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Parents sue two state agencies, saying students are being deprived a basic education

courtesy of Adrienne Stuart
C.W. and J.W. are children in Tacoma. Their parents are part of a group suing two state agencies, arguing the state is failing to provide a basic education to students, including the special education services their children need.

UPDATE, 1:15 pm: Adds response from the State Board of Education. 

A handful of parents are taking the state to court, arguing that students are being shortchanged a basic education during the pandemic.

The parents, who live in Tacoma, Normandy Park and Olympia and all have children with special needs, have filed a petition for judicial review in Thurston County Superior Court against the Office of Superintendent of Public Instruction and the State Board of Education.

State law sets the minimum number of instructional hours that schools have to provide students. For kindergarten through eighth grade, school districts have to provide at least 1,000 instructional hours in a school year, and for grades 9-12 at least 1,080 instructional hours. The school year must consist of at least 180 school days.

But when the pandemic hit in the spring, the state superintendent’s office used emergency rules to waive the number of instructional hours districts had to provide. Then last month, the State Board of Education redefined an instructional hour for the coming school year to include “learning modalities” that include distance learning, hybrid classrooms and “other methods that allow for delivery of basic education services during the COVID-19 epidemic.”

Kathy George, an attorney for the parents, said the end result is that students are being deprived of the education they’re entitled to. And the parents assert that the state is shifting the burden to parents to provide basic educational services for their children.

“The parents who brought this case are very concerned that these rules have relaxed the requirements for a basic education in Washington,” George said.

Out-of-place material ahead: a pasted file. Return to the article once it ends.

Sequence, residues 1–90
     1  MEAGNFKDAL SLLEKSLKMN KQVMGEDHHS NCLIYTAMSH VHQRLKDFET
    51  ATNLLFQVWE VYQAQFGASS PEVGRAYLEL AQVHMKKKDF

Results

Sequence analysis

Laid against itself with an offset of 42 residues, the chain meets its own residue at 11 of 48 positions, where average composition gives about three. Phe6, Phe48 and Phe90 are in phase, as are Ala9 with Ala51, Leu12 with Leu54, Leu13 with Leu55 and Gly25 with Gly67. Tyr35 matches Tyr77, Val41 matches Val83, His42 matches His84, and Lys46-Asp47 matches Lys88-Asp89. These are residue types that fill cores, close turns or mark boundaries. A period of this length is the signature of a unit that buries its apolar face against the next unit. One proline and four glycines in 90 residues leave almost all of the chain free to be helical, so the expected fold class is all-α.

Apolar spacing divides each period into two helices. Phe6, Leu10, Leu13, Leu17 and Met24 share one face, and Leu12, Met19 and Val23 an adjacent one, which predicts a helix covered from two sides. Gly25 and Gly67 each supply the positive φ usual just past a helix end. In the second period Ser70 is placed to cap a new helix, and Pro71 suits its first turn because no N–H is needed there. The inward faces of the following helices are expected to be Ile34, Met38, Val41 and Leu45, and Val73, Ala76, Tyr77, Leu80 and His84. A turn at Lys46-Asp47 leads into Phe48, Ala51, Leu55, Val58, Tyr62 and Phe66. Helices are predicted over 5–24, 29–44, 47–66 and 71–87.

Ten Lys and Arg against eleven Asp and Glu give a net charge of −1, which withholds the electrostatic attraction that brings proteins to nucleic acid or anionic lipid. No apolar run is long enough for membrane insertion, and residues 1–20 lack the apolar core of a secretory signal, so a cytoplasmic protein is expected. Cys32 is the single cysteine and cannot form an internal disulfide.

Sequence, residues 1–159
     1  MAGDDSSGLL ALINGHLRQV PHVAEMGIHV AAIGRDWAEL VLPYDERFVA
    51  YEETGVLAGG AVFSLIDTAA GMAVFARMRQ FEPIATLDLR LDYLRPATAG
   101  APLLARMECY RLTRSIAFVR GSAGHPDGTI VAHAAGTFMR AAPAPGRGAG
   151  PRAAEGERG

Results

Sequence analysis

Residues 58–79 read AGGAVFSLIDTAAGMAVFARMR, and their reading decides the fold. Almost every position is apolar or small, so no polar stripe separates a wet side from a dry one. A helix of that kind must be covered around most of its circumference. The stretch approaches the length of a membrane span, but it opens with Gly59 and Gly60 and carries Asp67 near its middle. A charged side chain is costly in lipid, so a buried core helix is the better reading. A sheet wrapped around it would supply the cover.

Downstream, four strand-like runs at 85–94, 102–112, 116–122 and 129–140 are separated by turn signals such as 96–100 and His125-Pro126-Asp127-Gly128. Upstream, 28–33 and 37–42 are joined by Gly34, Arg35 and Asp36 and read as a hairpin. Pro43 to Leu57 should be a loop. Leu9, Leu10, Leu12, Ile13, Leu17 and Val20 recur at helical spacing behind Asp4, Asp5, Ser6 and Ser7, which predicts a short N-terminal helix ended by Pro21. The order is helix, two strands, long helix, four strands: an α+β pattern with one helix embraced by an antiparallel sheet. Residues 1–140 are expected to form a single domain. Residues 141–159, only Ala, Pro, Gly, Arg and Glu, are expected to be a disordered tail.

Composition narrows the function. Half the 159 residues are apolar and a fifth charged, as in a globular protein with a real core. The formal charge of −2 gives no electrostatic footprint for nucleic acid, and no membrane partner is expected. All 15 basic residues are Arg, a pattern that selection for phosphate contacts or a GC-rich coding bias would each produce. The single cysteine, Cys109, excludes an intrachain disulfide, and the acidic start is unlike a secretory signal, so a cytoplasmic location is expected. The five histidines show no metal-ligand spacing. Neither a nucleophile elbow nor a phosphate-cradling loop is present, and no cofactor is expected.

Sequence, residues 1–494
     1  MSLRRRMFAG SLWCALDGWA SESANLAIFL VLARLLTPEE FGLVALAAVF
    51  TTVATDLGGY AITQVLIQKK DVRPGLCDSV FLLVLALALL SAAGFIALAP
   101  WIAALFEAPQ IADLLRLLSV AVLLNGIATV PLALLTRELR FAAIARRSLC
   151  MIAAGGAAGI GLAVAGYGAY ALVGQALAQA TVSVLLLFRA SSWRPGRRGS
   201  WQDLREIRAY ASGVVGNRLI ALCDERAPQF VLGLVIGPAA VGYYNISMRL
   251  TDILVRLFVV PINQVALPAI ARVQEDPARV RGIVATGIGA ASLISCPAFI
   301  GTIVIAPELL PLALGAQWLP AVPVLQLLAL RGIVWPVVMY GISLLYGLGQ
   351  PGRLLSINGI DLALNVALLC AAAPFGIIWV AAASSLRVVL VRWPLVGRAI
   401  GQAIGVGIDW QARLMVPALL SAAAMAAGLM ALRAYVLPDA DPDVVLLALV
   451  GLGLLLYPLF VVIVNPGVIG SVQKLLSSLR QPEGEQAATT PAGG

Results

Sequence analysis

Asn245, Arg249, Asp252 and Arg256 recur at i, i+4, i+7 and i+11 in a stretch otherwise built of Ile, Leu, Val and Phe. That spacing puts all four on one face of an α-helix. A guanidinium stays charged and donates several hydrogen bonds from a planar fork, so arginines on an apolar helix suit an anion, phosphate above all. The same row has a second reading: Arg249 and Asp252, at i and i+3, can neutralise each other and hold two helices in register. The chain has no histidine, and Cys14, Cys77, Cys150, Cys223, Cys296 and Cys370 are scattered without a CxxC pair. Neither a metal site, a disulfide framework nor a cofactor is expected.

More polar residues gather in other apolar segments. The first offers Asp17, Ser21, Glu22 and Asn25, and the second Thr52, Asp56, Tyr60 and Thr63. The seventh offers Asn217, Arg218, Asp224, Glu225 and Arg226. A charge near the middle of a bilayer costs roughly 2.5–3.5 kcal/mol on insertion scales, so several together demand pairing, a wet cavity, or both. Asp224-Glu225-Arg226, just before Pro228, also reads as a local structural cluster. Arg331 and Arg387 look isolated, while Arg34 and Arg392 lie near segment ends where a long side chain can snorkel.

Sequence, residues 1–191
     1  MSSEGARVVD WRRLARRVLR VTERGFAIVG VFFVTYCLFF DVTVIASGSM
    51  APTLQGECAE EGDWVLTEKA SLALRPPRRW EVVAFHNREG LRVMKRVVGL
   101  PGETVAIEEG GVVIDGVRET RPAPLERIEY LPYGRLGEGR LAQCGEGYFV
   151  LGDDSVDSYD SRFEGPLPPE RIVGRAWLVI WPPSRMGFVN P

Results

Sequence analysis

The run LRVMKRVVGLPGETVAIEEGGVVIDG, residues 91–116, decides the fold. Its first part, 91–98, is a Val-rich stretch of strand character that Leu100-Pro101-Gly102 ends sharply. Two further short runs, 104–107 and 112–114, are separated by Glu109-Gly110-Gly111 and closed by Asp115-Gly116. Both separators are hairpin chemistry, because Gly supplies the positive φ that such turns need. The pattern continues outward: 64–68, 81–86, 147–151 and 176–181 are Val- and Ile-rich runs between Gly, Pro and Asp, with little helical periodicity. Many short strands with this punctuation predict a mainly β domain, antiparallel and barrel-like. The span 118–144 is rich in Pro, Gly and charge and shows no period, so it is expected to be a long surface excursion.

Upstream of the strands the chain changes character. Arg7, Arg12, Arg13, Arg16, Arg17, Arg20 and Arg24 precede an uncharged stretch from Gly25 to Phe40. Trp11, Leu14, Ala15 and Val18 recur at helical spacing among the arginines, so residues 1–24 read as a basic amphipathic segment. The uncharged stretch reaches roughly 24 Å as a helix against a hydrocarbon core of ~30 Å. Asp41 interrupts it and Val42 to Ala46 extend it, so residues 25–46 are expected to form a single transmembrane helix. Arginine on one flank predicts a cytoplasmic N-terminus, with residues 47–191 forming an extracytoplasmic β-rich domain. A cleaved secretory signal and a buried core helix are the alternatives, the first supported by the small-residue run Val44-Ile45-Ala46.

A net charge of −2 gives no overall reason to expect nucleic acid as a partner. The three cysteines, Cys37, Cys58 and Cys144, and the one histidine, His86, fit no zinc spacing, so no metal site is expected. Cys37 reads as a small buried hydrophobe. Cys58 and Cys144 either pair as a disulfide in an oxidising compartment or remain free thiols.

The parents are asking for the judge to invalidate the emergency rules. George said the parents want to know whether students are entitled to extra instructional hours to make up for what they did not receive in the spring.

Katy Payne, a spokesperson for the state superintendent’s office, said they had just received the petition and could not yet comment. Stephanie Davidsmeyer, a spokesperson for the State Board of Education, said the agency has no substantive comment on pending litigation.

In the legal filing, the parents described how their children failed to receive the special education services that they’re entitled to during distance learning in the spring. Adrienne Stuart and Reid Wilkes have a 6-year-old son who does not use spoken words to communicate and uses an eye-gaze device to interact with the world. They said he was not provided access to his paraeducator during the school closure and did not receive physical or occupational therapies.

Carolina Landa, whose 13-year-old son is autistic and non-verbal, said he did not receive the paraeducator support or speech therapy that he’s entitled to receive under his individualized education program.

“Households like mine are at real risk of losing everything if I’m forced to quit work in order to deliver educational services and therapies for my child,” Landa said.

In July 2017, Ashley Gross became KNKX's youth and education reporter after years of covering the business and labor beat. She joined the station in May 2012 and previously worked five years at WBEZ in Chicago, where she reported on business and the economy. Her work telling the human side of the mortgage crisis garnered awards from the Illinois Associated Press and the Chicago Headline Club. She's also reported for the Alaska Public Radio Network in Anchorage and for Bloomberg News in San Francisco.